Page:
The last Sunday in April is a day when men are men, the women stay home, and tradition reasserts itself here despite fundamental changes in the life style of Swiss farmers and villagers. The Landsgemeinde is perhaps one of the few remaining examples in the world of direct democracy on a large scale: once a year some 2,000 men from Appenzell Canton assemble in the town square and vote on local issues, as they have done for more than 500 years.
The women watch.
The turnout this year for the Landsgemeinde was about the same as usual, with an estimated 40 percent of eligible voters. The town - with its brightly painted houses sitting amid rolling green hills and cows dotting the countryside - looks like a place where little has changed for decades. It has a reputation to match: this is the last corner of Switzerland where women do not have the right to vote in local elections.
But only outsiders seem to worry about the lack of equality.
Appenzell residents say appearances are misleading and the town is not a bedrock of conservative antifeminism. They believe they are not so much keeping women down as upholding a valued tradition.
``Women don't want the vote here,'' says Urs D"orig a banker in his mid-twenties. Mr. Doerig's friends, crowded around two tables at the Saane Caf'e, concur with him and recall that the last opinion poll taken showed 60 percent of women against getting the vote. The waitress in the cafe, perhaps in her late 50s, is more adament than the young men. ``Women belong in the kitchen!''
Men and women in the town seem to agree that the lack of a vote does not mean women are powerless. One group of village women was watching the proceedings from second-story windows. Laughing, they said they tell their husbands how to vote. And from their perch overthe square, the women could see just how the men voted.
The question of women voting became more important as Switzerland moved from being a farm-based to industrial society, the women say, because in traditional households the women often controlled the purse strings and had a voice in farm affairs. Every 10 years or so the issue of Appenzell women voting comes up again. Since women now have voting rights in elections at other than the local level, the issue has been defused.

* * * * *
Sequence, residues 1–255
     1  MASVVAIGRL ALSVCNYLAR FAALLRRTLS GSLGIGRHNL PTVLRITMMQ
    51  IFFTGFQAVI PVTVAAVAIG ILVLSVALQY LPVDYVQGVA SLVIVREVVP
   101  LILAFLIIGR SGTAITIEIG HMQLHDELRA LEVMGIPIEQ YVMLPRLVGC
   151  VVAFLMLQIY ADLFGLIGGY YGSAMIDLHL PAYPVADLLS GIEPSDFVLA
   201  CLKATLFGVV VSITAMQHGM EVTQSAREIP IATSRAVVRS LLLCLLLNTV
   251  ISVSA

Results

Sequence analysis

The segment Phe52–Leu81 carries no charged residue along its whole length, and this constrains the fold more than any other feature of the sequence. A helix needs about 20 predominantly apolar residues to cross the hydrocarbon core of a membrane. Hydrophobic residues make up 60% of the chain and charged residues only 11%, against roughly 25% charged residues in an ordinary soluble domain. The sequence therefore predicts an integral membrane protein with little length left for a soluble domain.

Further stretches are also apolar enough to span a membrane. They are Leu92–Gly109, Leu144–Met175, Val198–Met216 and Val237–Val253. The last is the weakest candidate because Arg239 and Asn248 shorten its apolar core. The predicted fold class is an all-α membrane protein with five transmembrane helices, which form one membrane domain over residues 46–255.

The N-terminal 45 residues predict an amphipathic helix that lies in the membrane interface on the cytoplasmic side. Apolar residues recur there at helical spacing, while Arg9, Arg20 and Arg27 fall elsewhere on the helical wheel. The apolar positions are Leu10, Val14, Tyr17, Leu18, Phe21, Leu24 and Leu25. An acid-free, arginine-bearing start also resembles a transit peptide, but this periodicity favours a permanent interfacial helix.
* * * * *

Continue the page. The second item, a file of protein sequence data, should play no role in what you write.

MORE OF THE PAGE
The lot of women in the region, and throughout Switzerland, is in fact changing. Women were only given the vote in federal elections in 1971. Ten years later a national referendum passed a constitutional amendment to guarantee the eq ual treatment under law of women. Other changes will take place more slowly, such as equal pay for equal work. Each change must be voted in - and because these are federal elections, the women from the Appenzell kitchens will cast their ballots.
Yvana Enzler, a Bern-based diplomatic service employee, is from Appenzell. She says the vote is often that of a couple, and resistance to change has a pragmatic, rather than moral foundation. ``If women were given the vote, the Landsgemeinde could not be held in the town square - there wouldn't be room for everyone. And people think that would be a shame, they believe it's important to keep alive the tradition of direct democracy.''